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US vice president Mike Pence with Vivek Lall
US vice president Mike Pence with Vivek Lall

The US commitment to sell Sea Guardian Unmanned Aerial Systems to India under the ‘major defence partner’ status is being seen as proof of growing defence ties between the two nations.

According to the joint statement released after the Modi-Trump meeting, “The United States and India look forward to working together on advanced defence equipment and technology at a level commensurate with that of the closest allies and partners of the United States. Reflecting the partnership, the United States has offered for India’s consideration the sale of Sea Guardian Unmanned Aerial Systems, which would enhance India’s capabilities and promote shared security interests.”

Said chief executive, US and international strategic development, General Atomics (the makers of the platform), Dr Vivek Lall, “We are extremely pleased that President Trump and Prime Minister Modi have had excellent deliberations and that the path forward for a game changer in US-India defence relations has been charted. Given the Sea Guardian’s capabilities, such a US offer demonstrates a major change in US policy because this type of aircraft capability is only exported to a very select few of America’s closest defence partners. Such an offer represents tangible implementation of United States Congress’ designation of India as a ‘major defence partner’.”

The Sea Guardian is the naval version of the Predator B armed drones. While India had asked for the armed version, given the technology sensitivity, the US has, for the time being, agreed to give the unarmed version. The Sea Guardian is listed under Category-I of the Missile Technology Control Regime (MTCR) list since it’s capable of delivering nuclear weapons. It was only after India joined the MTCR club that this sale was made possible.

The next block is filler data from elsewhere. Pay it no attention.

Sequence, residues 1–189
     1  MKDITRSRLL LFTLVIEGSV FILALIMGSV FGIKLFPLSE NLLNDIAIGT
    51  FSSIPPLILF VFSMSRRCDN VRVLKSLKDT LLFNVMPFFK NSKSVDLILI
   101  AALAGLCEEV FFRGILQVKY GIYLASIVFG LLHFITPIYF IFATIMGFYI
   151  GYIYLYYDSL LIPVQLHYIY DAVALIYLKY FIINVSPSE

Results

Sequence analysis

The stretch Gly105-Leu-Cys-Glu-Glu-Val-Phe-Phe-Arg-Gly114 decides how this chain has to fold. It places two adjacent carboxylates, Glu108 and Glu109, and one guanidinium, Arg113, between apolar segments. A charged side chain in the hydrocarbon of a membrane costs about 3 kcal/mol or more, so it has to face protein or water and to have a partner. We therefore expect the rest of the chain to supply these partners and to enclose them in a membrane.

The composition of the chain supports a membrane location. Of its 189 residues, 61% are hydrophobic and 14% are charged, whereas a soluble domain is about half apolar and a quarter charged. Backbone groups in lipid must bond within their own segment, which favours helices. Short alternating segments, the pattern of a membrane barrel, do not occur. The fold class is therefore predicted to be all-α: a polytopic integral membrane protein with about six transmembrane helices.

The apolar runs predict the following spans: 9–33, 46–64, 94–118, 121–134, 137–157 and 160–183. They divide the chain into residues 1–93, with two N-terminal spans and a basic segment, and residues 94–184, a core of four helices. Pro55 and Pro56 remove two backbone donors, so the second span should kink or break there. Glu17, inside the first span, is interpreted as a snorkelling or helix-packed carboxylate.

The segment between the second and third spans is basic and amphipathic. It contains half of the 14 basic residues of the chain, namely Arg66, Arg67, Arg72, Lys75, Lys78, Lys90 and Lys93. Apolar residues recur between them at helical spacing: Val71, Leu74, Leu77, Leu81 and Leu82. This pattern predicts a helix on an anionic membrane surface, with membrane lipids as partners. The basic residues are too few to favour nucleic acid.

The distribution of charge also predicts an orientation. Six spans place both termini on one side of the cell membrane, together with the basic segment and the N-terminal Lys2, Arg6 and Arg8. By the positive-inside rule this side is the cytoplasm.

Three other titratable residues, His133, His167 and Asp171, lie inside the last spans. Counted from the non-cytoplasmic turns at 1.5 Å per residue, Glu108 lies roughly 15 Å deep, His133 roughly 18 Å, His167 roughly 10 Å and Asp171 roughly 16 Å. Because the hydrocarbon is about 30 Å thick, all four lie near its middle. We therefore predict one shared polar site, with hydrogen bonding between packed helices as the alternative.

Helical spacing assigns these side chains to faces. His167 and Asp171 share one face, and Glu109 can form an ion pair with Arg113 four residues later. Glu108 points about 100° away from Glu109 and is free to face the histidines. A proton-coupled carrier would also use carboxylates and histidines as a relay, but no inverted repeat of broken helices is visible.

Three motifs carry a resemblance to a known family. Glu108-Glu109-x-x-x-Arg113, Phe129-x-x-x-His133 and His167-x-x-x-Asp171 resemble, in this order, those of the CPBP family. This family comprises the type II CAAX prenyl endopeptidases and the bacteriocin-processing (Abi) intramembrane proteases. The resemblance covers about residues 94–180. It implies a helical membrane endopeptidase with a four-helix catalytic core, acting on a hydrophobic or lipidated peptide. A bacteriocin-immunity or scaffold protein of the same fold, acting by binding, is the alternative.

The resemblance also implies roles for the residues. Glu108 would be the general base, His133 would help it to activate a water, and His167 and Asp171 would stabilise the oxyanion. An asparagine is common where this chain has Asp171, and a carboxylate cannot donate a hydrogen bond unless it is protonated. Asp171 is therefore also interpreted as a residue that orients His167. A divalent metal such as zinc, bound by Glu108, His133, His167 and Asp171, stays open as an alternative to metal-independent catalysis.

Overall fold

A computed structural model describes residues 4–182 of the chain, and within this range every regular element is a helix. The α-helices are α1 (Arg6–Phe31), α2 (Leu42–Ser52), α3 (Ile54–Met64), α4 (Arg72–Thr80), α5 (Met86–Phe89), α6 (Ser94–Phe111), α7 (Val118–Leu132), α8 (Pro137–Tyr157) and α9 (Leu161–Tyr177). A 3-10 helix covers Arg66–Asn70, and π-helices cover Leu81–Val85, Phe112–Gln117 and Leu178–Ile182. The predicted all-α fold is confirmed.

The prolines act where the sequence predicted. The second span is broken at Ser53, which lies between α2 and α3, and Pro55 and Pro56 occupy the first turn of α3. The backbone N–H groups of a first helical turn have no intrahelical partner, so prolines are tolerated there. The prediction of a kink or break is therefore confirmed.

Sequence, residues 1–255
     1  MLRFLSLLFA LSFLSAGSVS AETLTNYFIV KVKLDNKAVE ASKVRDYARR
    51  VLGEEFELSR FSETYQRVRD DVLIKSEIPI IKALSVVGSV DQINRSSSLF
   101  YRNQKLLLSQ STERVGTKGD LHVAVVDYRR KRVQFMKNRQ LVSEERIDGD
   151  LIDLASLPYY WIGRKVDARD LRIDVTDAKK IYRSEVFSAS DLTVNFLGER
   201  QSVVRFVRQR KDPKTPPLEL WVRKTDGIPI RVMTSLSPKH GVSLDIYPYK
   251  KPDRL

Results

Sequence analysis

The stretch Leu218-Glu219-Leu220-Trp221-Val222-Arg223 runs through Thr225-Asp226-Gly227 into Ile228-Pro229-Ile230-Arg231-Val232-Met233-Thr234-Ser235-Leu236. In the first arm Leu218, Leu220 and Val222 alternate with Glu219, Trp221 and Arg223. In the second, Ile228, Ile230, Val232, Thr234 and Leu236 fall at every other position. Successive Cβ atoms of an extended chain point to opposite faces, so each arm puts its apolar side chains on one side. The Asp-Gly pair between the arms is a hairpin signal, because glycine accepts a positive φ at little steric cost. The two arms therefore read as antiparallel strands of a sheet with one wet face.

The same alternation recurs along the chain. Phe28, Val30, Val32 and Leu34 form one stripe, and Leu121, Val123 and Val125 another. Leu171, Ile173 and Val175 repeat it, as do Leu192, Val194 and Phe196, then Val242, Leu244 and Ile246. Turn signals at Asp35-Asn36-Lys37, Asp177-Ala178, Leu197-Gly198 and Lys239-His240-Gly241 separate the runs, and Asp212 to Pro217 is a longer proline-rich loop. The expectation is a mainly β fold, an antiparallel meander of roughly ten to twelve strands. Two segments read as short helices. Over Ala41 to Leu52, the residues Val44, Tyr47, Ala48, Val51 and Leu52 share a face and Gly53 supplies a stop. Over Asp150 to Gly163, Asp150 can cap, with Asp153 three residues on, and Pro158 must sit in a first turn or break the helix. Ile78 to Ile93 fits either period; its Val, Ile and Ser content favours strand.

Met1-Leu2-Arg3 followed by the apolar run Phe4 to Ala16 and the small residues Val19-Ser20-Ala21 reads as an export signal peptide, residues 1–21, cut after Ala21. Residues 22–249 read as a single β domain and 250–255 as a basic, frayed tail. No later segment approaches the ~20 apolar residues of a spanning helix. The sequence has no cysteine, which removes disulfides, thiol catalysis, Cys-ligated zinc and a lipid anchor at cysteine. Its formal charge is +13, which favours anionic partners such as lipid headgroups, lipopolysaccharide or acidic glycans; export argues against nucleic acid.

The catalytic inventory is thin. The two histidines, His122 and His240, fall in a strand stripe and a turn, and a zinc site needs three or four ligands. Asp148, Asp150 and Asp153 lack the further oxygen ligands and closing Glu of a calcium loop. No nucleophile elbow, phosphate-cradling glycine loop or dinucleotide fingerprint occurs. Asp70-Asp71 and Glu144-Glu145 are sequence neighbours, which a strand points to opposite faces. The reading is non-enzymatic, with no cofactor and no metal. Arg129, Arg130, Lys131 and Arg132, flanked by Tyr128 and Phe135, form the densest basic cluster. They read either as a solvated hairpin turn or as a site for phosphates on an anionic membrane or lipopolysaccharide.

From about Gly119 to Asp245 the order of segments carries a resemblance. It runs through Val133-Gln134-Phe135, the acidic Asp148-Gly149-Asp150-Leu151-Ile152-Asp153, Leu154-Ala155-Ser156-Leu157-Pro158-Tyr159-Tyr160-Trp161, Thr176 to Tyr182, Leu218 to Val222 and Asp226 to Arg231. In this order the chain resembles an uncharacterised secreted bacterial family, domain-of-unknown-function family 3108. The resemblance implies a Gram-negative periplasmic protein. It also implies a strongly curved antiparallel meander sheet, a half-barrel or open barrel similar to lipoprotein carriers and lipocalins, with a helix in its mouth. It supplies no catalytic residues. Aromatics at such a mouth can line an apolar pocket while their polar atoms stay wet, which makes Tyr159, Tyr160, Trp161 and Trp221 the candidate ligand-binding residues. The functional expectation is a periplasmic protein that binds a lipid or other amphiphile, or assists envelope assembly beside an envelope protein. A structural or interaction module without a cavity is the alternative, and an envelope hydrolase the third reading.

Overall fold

According to senior sources in the Indian defence ministry, two things are not ruled out in the future. One, if India were to sign the held-up three fundamental agreements, it would be able to fully exploit the capabilities of the Sea Guardian platform. However, given the overall relationship between the two nations which has slipped from strategic to transactional, this may not happen anytime soon. And two, the US could agree in the near future to sell armed Avenger drones to India, which have been sought by the Indian Air Force. Considering that India and Israel are negotiating the sale of the Heron TP — armed drones with multi-mission payload, the US too could sell its Avengers to India.


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